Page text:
A Clinical Trial Of Antigen-Pulsed Dendritic Cells (DC) In The Treatment Of Patients With B-Cell Lymphoma

The Abramson Cancer Center of the University of Pennsylvania
Last Modified: May 21, 1996

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Researchers at Stanford University Medical Center presented preliminary results of a study on a new vaccine treatment for B-cell lymphoma.

Chemotherapy and/or radiation can cause remission in most patients with B-cell lymphoma. However, despite responsiveness to treatment, patients ultimately relapse and most cannot be cured with standard treatment. One new approach to treatment evokes the immune system's ability to target and eliminate cancerous cells while sparing normal cells. B-cell malignancies present an opportunity to use the immune system because a tumor specific "marker" has been identified. This marker (termed idiotype or Id) resides on the surface of the B-cells. Each tumor displays many copies of a single idiotype which is different for each patient.

Previous studies have shown that the immune system can kill B-cell lymphomas by recognizing the idiotype on the surface of the tumor cell. Lymphoma patients who had received a custom made tumor idiotype vaccine developed anti-tumor immunity.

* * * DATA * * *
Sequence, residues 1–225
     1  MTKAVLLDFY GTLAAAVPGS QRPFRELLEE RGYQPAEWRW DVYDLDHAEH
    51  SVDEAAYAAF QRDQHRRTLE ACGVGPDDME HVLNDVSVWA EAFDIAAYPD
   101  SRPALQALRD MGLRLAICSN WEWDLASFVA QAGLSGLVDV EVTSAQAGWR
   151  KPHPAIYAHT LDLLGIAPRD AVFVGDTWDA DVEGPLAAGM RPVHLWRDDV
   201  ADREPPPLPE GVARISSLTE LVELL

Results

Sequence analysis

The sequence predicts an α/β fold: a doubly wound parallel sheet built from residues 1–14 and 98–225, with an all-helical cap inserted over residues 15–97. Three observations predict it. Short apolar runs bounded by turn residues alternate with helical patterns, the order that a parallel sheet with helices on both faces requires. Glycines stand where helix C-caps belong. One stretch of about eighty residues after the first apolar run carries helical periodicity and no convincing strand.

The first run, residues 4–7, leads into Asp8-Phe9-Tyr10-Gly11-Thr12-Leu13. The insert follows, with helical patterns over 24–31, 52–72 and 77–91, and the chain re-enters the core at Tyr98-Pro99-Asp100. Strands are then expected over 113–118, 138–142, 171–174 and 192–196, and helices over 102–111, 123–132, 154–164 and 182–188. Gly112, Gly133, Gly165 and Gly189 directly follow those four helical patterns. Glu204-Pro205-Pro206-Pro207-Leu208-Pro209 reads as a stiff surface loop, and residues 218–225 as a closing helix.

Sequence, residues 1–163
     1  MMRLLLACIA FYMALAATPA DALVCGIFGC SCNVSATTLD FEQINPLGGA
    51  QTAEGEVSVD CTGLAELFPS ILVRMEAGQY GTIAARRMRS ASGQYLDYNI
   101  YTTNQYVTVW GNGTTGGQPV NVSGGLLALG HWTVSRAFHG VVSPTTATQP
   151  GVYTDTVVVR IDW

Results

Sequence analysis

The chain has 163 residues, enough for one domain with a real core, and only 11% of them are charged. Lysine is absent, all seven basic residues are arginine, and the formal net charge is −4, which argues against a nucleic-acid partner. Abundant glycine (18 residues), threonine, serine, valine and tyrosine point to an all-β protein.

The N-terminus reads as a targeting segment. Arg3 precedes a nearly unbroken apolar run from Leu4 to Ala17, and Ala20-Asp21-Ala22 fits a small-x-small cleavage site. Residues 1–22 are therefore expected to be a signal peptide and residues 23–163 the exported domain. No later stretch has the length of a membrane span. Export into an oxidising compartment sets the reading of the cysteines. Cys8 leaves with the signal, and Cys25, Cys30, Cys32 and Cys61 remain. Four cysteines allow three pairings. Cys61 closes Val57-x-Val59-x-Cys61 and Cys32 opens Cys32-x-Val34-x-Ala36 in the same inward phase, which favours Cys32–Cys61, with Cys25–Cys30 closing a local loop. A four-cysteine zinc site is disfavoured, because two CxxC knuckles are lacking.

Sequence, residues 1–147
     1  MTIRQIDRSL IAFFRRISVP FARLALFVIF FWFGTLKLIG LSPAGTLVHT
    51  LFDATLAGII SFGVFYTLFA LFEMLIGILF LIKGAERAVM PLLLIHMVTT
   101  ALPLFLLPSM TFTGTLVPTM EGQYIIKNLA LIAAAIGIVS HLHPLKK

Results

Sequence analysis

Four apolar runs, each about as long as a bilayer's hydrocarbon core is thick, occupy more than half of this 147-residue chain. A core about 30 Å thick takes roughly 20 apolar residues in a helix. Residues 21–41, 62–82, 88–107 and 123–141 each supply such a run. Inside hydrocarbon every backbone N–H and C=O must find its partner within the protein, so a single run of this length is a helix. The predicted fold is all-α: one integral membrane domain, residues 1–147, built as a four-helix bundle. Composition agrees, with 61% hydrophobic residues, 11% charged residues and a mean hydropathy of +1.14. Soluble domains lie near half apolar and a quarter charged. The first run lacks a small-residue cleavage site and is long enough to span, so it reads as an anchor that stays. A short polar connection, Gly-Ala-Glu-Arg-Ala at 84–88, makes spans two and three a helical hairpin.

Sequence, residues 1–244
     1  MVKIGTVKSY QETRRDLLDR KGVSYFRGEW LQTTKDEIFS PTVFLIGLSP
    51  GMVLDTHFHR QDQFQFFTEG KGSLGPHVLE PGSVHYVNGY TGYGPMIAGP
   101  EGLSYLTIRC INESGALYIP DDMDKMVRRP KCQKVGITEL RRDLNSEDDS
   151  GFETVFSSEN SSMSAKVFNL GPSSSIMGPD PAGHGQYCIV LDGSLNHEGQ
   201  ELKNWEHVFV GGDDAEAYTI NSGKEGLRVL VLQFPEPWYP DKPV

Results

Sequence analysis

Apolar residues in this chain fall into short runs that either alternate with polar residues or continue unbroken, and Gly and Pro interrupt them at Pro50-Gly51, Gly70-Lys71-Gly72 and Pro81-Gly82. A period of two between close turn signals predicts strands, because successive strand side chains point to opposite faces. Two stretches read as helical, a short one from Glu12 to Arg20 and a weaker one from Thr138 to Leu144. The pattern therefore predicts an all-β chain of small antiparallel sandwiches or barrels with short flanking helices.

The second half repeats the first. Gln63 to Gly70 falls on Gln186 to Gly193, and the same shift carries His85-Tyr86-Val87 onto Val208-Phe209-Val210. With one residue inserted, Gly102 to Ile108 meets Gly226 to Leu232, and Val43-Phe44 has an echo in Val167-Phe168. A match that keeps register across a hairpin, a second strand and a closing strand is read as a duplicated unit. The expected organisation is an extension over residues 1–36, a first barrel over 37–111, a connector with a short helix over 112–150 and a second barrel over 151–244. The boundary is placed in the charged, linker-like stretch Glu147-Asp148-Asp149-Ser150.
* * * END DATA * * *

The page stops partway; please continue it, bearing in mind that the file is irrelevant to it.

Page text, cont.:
In the current study, Frank Hsu, M.D., clinical and research fellow, division of oncology, and colleagues immunized 8 patients with residual B-cell lymphomas previously treated with chemotherapy. In a two-day process, dendritic cells (DCs) were harvested from each patients' blood, and allowed to mature in culture bathed n a solution containing the tumor idiotype. DCs are powerful antigen presenting cells, capable of engulfing proteins and working on the cells of the immune system to recognize and attack cells displaying those proteins on the surface of the cell. The purified, "antigen primed" DCs were then given intravenously to each patient. Anti-tumor immune responses have been detected in all six evaluable patients. Two patients experienced complete tumor regression and have remained in remission; one patient has been in remission for over two and half years, a second patient for over one year. Another patient had a mixed response with partial tumor regression. Patients did not experience significant side effects.

"These are very interesting data," noted Ellin Berman, M.D., associate professor, Memorial Sloan-Kettering Cancer Center (New York, NY) at a press briefing today. "Antigen pulsed DC can be used as a potent vaccine that induces significant responses."